A week in security (March 2 – 8)

A roundup of the previous week’s security headlines, including the introduction of a new series on child identity theft, an examination of law enforcement’s cybersecurity woes, a progress check on our stalkerware initiative, and more coronavirus scammers on the prowl.

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Bring your own privacy: VPNs for consumers and orgs

VPNs are all the rage, but they’re not without their problems. Where do you stand on the great “Should we deploy a VPN” debate?

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United States government-funded phones come pre-installed with unremovable malware

A US-funded government assistance program is selling budget-friendly mobile phones that come pre-installed with unremovable malicious apps. Malwarebytes Labs investigates the malware’s origins.

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The little-known ways mobile device sensors can be exploited by cybercriminals

Mobile device sensors offer great utility to users—from taking pictures and commanding voice assistants to determining which direction to flip your screen. However, they harbor little-known vulnerabilities that could be exploited by crafty cybercriminals.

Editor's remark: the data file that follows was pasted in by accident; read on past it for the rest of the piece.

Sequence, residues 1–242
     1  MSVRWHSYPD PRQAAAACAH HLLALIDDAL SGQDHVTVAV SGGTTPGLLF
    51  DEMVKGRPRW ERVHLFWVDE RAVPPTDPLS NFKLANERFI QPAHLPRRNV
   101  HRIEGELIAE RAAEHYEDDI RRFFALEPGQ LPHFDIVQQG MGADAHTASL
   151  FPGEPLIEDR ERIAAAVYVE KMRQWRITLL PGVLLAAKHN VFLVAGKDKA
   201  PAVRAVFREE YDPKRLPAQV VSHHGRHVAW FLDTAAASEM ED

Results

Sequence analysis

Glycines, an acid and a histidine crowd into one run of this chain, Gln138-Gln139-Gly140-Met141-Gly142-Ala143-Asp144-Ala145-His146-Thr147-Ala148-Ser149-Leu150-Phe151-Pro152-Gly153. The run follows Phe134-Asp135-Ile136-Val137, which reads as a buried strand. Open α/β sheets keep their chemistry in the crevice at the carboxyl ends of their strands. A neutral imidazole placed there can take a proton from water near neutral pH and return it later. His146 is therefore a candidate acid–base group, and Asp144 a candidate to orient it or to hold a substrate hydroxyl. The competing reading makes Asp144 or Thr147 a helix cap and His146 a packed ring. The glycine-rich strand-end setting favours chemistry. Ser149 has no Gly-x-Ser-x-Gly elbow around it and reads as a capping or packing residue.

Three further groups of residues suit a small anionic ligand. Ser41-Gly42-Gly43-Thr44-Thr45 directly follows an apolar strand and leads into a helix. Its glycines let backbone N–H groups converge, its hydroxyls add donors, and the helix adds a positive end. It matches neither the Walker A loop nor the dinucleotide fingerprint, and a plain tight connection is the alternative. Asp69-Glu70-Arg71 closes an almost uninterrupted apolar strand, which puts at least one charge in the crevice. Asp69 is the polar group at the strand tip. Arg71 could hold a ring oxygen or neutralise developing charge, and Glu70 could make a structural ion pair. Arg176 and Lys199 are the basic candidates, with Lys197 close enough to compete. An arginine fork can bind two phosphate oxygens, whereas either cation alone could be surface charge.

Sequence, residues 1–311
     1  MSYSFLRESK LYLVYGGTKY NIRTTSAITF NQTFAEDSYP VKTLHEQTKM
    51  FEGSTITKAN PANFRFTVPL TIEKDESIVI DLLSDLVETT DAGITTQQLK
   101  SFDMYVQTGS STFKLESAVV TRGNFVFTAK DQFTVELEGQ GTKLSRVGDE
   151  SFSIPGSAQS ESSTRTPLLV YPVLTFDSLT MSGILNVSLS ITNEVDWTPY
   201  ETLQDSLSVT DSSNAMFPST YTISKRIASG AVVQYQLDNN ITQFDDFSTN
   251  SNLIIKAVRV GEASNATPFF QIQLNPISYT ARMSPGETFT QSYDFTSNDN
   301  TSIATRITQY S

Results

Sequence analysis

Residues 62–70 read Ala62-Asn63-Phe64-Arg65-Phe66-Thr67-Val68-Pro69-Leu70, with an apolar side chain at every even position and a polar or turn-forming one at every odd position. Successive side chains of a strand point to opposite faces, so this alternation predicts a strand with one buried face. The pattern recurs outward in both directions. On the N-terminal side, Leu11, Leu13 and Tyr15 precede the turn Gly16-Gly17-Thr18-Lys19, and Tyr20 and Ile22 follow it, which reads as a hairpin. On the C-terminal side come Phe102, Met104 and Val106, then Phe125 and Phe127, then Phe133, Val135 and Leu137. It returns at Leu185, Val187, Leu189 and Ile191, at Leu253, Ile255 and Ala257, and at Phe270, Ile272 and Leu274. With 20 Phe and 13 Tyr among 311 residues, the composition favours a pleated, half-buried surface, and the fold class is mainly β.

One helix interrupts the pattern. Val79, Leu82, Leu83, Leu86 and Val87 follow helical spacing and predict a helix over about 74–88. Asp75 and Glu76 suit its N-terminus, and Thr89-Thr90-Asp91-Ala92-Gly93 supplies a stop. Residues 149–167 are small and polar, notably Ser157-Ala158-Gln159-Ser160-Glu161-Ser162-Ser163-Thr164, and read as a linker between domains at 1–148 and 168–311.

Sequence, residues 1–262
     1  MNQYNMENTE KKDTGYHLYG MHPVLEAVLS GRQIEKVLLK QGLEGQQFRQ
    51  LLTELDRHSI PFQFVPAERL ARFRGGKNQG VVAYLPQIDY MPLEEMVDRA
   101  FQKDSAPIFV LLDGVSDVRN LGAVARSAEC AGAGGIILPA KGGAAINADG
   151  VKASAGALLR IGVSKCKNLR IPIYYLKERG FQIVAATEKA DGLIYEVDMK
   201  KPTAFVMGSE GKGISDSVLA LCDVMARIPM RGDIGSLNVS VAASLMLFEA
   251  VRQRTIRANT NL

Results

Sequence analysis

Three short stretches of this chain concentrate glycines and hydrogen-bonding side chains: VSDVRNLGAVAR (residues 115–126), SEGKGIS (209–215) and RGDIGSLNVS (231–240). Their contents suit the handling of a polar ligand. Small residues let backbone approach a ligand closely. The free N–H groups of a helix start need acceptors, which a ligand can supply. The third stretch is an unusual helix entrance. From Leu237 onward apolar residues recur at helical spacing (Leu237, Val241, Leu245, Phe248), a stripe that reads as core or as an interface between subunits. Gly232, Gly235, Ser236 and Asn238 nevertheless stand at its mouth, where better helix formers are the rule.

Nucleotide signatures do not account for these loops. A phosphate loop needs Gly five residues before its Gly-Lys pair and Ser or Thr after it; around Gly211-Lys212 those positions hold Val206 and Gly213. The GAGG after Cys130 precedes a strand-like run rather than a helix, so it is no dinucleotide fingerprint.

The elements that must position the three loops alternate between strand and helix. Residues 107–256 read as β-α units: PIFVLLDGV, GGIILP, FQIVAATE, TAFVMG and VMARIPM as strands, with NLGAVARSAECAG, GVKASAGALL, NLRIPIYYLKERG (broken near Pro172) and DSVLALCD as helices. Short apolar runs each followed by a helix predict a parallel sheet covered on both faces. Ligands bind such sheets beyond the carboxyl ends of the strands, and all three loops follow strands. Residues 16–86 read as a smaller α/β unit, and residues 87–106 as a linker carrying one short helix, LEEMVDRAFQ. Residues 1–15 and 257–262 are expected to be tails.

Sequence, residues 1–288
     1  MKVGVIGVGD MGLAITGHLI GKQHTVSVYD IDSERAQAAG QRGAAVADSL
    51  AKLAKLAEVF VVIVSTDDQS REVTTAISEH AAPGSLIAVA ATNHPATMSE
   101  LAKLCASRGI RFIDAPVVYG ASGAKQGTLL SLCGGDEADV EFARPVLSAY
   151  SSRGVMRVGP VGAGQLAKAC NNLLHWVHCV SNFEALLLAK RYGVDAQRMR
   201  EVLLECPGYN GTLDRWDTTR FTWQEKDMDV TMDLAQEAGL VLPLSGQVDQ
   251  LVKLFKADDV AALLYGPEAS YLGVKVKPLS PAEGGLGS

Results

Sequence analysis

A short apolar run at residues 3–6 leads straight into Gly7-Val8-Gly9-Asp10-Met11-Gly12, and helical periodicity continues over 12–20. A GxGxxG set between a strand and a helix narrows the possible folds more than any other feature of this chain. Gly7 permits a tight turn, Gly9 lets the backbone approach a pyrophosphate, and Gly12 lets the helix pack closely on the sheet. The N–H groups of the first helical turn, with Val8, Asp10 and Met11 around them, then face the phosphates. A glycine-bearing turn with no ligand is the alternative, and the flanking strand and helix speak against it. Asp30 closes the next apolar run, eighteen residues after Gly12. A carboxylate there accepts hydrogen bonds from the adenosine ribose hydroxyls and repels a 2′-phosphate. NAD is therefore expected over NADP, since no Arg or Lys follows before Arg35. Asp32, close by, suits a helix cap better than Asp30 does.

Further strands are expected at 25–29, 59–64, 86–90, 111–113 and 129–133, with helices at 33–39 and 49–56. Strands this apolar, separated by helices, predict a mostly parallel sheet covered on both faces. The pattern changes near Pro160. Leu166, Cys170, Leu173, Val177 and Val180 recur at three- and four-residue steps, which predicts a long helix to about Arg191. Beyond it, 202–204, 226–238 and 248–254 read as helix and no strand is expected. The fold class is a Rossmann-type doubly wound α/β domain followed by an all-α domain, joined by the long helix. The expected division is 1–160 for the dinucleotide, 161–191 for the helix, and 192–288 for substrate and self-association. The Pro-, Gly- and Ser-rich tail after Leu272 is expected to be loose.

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A week in security (November 4 – November 10)

A roundup of important security news from the week of November 4–10, including the release of Malwarebytes 4.0, vendor email compromise, fake news, robocalls, and more.

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A week in security (September 9 – 15)

A roundup of the security news from September 9–15, including locking down AWS, mobile malware, phishing threats, and more.

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Cellular networks under fire from Soft Cell attacks

We break down the recently revealed attacks on telco operators around the globe, targeting specific high-value individuals.

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Mobile stalkerware: a long history of detection

Does Malwarebytes detect stalkerware? Absolutely, and for good reason. Moreover, we’ve been doing so for a long time—but it’s time to up our efforts.

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WhatsApp fix goes live after targeted attack on human rights lawyer

A fix was rolled out for a WhatsApp vulnerability, which was used to inject spyware into mobile devices and target a human rights lawyer.

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Fake Instagram assistance apps found on Google Play are stealing passwords

We all want those Instagram likes and followers. But what if the app that’s supposed to be assisting you is also stealing your username and password? As a matter of fact, that’s exactly what we found in three fake Instagram assistance apps found on Google Play.

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